Peterson Institute for International Economics Washington, D.C. March 25, 2019
AS PREPARED FOR DELIVERY
Good afternoon everyone. Thank you for inviting me to join you today. It has been a little while since I have been to the Peterson Institute, and it is my pleasure to see both old friends and new faces.
I last had the honor of being here in September 2012, and not long after that, Adam Posen took hold of the baton as president of the Institute.
More than ever, we need an institution like Peterson. We need a lively intellectual debate and pragmatic solutions for the key issues facing the global economy.
Adam: you and your colleagues have led the way here, and we are all the richer for your work. Thank you.
Restoring Faith in the System
Our issue today is international corporate taxation. Albert Einstein once said that “the hardest thing in the world to understand is the income tax.”
It may be difficult, but it is possible to create a corporate tax system that better reflects the changes in the global economy.
I believe we need new rules in this area. Why?
The public perception that large multinational companies pay little tax has led to political demands for urgent action.
It is not difficult to see why.
A New Approach
Let me highlight three reasons why a new approach is urgent.
First, the ease with which multinationals seem able to avoid tax, and the three-decade long decline in corporate tax rates, undermines faith in the fairness of the overall tax system.
Second, the current situation is especially harmful to low-income countries, depriving them of much- needed revenue to help them achieve higher economic growth, reduce poverty, and meet the 2030 Sustainable Development Goals.
Advanced economies have long shaped international corporate tax rules, without considering how they would affect low-income countries.
IMF analysis shows, for example, that non-OECD countries lose about $200 billion in revenue per year, or about 1.3 percent of GDP, due to companies shifting profits to low-tax locations.
These countries need a seat at the table. The Platform for Collaboration on Tax, a joint effort by the IMF, World Bank, OECD and the UN is helping on this front.
Third, an impetus for rethinking international corporate taxation stems from the rise of highly profitable, technology-driven, digital-heavy business models.
These business models rely heavily on intangible assets, such as patents or software that are hard to value.
They also demonstrate that assuming a link between income and profits and physical presence has become outdated.
This in turn has sparked fairness concerns. Countries with many users or consumers of digital services find themselves with little or no tax revenue from these companies. Why? Because they have no physical presence there.
So, we clearly need a fundamental rethink of international taxation.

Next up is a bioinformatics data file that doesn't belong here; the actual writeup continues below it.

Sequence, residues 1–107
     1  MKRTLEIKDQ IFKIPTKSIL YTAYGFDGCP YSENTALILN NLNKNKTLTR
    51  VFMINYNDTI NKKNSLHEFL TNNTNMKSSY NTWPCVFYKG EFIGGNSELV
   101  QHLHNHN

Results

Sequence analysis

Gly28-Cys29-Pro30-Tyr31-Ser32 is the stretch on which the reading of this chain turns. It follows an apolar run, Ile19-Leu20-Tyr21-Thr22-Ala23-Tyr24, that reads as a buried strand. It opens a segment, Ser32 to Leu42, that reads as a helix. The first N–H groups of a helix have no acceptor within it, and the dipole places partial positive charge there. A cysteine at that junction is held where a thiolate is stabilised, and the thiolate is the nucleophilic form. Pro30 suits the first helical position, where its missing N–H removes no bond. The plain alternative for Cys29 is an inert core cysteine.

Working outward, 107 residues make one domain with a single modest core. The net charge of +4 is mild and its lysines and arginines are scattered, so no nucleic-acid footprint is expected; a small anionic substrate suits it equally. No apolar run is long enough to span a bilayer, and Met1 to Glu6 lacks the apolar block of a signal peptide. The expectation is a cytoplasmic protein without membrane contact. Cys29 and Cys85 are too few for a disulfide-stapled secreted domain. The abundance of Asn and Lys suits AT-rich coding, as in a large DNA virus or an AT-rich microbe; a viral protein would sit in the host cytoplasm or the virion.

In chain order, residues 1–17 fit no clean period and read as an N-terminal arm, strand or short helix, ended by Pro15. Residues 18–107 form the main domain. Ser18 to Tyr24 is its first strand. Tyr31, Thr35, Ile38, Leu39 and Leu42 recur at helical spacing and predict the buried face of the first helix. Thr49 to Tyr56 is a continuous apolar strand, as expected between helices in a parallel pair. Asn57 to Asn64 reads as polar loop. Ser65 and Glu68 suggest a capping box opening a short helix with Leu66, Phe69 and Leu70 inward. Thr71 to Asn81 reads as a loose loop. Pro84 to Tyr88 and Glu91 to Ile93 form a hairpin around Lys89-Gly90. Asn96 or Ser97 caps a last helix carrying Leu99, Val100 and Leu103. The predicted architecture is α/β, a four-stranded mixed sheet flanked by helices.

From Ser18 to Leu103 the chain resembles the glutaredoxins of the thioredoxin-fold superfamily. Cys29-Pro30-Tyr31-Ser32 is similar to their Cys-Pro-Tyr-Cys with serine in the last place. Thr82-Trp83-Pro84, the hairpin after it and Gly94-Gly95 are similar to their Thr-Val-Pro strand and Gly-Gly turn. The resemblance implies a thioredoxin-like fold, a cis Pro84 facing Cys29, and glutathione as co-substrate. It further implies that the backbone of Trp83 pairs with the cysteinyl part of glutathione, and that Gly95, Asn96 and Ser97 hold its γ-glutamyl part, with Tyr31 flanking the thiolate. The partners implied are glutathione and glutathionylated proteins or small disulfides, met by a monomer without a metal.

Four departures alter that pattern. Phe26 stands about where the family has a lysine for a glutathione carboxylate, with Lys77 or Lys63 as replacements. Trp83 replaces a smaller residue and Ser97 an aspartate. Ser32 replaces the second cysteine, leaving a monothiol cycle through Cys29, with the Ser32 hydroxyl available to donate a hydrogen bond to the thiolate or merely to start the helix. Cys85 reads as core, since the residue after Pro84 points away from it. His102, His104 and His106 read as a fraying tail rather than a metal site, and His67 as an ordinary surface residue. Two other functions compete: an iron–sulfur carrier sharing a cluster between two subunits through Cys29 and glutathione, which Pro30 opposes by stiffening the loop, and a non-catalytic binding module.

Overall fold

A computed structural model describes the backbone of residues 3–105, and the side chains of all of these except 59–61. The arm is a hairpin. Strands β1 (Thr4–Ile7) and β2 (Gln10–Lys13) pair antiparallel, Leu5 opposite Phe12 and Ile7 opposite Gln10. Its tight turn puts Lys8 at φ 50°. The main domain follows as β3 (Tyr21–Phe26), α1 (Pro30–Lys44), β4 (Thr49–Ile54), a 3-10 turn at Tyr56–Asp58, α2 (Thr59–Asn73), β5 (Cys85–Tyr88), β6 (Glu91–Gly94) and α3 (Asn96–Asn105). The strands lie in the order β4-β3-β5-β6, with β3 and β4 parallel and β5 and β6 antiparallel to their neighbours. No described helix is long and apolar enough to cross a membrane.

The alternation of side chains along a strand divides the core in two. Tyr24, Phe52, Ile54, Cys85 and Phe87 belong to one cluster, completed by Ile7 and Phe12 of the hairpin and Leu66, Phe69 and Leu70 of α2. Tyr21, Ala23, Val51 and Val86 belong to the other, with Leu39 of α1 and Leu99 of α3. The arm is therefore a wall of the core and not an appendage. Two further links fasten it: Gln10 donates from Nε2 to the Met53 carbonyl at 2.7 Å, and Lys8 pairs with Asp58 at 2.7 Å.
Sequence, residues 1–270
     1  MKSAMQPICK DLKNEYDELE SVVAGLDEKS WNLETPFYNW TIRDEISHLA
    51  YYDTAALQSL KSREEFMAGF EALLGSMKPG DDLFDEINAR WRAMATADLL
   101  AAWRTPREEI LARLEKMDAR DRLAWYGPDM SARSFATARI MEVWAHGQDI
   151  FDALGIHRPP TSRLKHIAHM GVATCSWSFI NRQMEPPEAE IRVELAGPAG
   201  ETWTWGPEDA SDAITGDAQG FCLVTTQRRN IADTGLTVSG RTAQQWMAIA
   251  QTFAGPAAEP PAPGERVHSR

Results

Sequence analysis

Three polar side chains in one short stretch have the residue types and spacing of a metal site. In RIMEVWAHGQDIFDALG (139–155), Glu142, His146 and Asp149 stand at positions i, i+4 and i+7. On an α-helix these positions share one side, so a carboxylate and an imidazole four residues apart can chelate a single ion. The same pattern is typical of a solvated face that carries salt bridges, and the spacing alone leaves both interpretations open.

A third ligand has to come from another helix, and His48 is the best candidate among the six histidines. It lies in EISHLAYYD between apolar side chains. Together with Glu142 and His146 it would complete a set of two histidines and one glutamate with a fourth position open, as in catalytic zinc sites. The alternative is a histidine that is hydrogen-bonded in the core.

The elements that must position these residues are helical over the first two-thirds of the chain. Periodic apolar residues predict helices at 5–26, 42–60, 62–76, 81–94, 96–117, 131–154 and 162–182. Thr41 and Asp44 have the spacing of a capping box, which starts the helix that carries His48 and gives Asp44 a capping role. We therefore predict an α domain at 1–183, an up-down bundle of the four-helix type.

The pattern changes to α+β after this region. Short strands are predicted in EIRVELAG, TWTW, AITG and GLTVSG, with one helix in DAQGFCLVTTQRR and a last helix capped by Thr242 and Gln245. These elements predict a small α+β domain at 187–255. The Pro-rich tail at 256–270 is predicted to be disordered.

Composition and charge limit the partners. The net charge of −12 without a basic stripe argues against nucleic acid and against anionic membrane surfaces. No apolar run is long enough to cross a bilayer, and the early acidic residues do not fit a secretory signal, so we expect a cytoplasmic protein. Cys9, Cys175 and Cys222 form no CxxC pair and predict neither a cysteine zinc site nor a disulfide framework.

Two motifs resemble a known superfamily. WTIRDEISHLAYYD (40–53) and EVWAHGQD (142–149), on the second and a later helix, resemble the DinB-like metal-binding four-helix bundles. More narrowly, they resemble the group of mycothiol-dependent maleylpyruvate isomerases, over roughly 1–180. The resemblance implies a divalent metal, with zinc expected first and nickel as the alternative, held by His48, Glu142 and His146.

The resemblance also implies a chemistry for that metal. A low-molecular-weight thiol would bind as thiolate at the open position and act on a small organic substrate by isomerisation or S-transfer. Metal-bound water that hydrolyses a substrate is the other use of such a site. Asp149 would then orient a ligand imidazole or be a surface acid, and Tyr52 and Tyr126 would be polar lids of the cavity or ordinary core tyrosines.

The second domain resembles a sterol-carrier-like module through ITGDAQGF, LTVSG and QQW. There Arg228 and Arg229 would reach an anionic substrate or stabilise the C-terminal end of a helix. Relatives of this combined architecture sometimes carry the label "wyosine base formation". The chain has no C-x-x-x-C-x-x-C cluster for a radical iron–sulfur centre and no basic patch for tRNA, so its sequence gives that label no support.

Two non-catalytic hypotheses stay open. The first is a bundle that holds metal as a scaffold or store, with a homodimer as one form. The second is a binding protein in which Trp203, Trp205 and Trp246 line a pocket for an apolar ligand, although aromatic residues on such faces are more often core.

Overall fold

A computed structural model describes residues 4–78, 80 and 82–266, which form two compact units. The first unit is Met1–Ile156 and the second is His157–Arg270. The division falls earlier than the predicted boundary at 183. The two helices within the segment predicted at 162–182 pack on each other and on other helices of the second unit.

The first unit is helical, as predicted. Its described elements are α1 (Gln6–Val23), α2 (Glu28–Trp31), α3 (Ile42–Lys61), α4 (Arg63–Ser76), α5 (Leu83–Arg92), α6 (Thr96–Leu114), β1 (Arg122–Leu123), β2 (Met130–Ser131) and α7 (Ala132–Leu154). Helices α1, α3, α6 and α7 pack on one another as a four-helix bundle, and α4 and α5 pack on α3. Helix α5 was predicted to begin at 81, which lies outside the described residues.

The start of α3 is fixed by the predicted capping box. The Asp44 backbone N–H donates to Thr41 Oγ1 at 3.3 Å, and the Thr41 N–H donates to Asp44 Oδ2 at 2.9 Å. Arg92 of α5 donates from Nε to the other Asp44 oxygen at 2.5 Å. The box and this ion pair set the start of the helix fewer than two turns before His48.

Yet this means countries must work together. Making progress requires coordination among all, and in the right direction.
This is difficult, but possible.
The primary vehicle for coordinating multilateral work on international tax is the OECD’s Inclusive Framework, which now includes over 125 country members. This is impressive progress on multinational participation, but vulnerabilities remain.
What about the IMF? I believe we have a role in helping countries craft a solution that offers stability and fully incorporates the interests of developing countries.
New IMF research published two weeks ago analyzes various options in the context of three key criteria: better addressing profit-shifting and tax competition; overcoming the legal and administrative obstacles to reform; and ensuring full recognition of the interests of emerging and developing countries.
The paper also gives a broad review of leading options, along with empirical analysis that can inform the critical discussions now underway.
How else are we helping?
We also give technical support on tax issues to more than 100 countries every year. We also have expertise to assess the economic impact of tax reforms.
Perhaps best of all, we have a near-universal membership, which gives us an understanding of the particular problems facing developing countries.
I would like to leave you with a single, clear clarion call for your discussions.
The current international corporate tax architecture is fundamentally out of date. By rethinking the existing system and addressing the root causes of its weakness, all countries can benefit, including low-income nations.
At the same time, we can restore faith in the fairness of the international tax system that has eroded over the years. We can restore much needed trust.
IMF Communications Department
MEDIA RELATIONSPRESS OFFICER: Ting Yan
Phone: +1 202 623-7100Email: MEDIA@IMF.org